• Position: Make sure the client is comfortably positioned.
  • Anatomy: Visualize a 3-D anatomic model.
  • Level: Determine the appropriate depth of tissue contact.
  • Purpose: Set a clear intention for initiating the healing process.
  • Ascertain: Keep a relative point of reference while initiating motion.
  • Tweaking: Continue perpetual exploration of the tissue while fine-tuning the previous steps.
  • Evaluate: Adjust techniques according to findings from palpation.

This method can help practitioners prepare for and demonstrate the most basic and universal way to initiate palpation with a client. It does not address specific techniques a therapist may use or aid in the specific analysis of tissue.

When it comes to developing a comprehensive screening for pathology in the body, tissue abnormalities, and conditions of the body’s structure, some therapists agree the process calls for some intuition. Dr. Leon Chaitow, an osteopath and naturopath who teaches around the world, warns, however, that the label of “intuition” would be mistaken.

Skilled therapists will be able to recognize both normality and deviations from it, according to Chaitow, and they may need to act whether or not they are able to fully articulate an abstract understanding of something that does not “feel right.” Rather than calling this intuition, Chaitow says skilled people demonstrate know-how as they become able to perform more complex forms of bodywork, even those they may not necessarily be able to describe.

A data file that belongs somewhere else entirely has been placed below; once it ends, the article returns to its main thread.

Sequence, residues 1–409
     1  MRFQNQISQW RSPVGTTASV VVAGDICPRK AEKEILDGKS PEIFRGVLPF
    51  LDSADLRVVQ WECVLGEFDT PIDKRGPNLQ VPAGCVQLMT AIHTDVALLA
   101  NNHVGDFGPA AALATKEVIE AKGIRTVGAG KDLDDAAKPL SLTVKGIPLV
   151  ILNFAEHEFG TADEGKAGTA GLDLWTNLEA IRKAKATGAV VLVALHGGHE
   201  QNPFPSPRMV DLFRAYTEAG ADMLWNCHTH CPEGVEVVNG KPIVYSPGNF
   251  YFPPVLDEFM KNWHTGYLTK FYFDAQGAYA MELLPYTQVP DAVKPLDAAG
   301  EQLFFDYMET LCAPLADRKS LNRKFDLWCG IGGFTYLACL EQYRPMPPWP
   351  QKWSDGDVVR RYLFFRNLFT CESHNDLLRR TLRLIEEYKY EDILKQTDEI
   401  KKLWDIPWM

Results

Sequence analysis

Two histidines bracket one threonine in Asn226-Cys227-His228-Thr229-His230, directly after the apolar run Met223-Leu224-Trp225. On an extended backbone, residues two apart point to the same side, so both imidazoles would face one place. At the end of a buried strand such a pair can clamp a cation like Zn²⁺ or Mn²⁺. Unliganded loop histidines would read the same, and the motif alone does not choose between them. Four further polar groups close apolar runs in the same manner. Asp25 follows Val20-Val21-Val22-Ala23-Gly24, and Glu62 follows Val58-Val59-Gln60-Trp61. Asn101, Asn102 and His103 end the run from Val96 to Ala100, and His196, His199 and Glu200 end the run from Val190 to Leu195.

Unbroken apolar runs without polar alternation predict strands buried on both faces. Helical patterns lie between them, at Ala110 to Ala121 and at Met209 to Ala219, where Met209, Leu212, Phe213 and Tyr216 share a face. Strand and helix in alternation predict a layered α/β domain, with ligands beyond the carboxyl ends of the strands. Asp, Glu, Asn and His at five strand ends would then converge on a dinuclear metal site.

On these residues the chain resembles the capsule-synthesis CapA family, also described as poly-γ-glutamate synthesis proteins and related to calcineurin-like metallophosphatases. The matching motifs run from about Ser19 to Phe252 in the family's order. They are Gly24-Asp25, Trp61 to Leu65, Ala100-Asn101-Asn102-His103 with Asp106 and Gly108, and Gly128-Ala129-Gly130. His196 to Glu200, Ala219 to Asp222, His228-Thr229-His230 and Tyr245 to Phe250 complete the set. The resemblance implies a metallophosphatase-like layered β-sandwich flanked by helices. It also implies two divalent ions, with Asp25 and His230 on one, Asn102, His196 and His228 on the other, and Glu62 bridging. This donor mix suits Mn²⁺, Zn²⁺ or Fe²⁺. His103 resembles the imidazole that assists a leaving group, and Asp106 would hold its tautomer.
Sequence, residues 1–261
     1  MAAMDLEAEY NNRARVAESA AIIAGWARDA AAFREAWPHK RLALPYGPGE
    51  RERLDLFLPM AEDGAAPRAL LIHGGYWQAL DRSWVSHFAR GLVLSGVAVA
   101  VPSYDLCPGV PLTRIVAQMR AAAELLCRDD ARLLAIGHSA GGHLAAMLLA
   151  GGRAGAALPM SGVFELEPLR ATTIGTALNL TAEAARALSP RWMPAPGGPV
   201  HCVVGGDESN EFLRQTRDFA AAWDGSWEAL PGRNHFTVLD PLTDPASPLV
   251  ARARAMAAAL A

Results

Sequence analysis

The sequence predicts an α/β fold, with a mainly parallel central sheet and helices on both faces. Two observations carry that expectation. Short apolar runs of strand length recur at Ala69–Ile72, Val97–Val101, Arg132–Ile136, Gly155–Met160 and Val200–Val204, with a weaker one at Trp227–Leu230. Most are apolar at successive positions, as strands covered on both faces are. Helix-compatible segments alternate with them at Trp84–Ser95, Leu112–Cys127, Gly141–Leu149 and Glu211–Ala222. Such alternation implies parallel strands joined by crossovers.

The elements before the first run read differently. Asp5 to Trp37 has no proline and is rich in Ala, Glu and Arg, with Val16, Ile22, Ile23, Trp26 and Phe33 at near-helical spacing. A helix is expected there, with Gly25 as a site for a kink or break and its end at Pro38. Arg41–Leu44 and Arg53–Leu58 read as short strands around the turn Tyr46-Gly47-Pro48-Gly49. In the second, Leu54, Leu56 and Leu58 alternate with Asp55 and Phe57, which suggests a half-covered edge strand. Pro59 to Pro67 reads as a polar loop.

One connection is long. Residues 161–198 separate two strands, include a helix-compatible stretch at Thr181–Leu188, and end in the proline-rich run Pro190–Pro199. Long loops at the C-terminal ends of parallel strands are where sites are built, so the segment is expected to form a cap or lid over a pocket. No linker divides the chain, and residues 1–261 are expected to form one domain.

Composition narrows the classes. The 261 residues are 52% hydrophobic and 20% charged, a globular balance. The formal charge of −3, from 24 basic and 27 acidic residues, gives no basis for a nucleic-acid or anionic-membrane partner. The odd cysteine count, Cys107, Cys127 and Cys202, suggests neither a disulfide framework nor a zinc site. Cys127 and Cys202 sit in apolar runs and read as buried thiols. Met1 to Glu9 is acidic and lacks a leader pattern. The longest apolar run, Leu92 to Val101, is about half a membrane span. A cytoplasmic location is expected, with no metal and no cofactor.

STAR Palpation for Assessing Bodily Abnormalities

Four principles are used to help massage therapists evaluate somatic dysfunction. Chaitow refers to these as STAR palpation, and others have called it the TART method (substituting “tenderness” for “sensitivity”). Regardless of the acronym, the general principles remain the same:

  • Sensitivity: Soft tissue dysfunction will almost always present in tenderness or pain.
  • Tissue texture change: The therapist might feel that tissues are hot, cold, tense, swollen, or fibrous.
  • Asymmetry: The tissue may vary between sides of the body. Asymmetry on its own may not necessarily be cause for concern, but a massage therapist will use their best judgment in each situation to determine whether it is normal or abnormal.
  • Range of motion: Movement is restricted and/or muscles are very tight, inhibiting normal motion.

When these indicators occur alone, they might point to a type of pathology, discomfort, or dysfunction in the body, but a combination of two or three factors are usually enough to confirm a problem. After an initial assessment, the therapist can use this information to determine more about why a problem exists and develop a treatment plan.

The most important element in diagnosing a potential issue and beginning to treat it, however, is communication with the client. A therapist cannot begin to provide adequate treatment without understanding a client’s level of pain or discomfort during palpation, history of injury or illness, and any habits possibly affecting areas of the body that are presenting problems.

Though palpation methods may be taught, the true skill and art of palpation is learned through experience. Over time, a good bodywork practitioner will generally be able to detect subtleties in texture, density, moisture, and temperature variations in target tissue. Chaitow says experts “have the ability to observe, recognize, interpret, judge, decide, and act appropriately in a split second – not based on planned decision-making, but more on a foundation of sound knowledge and practiced skills.”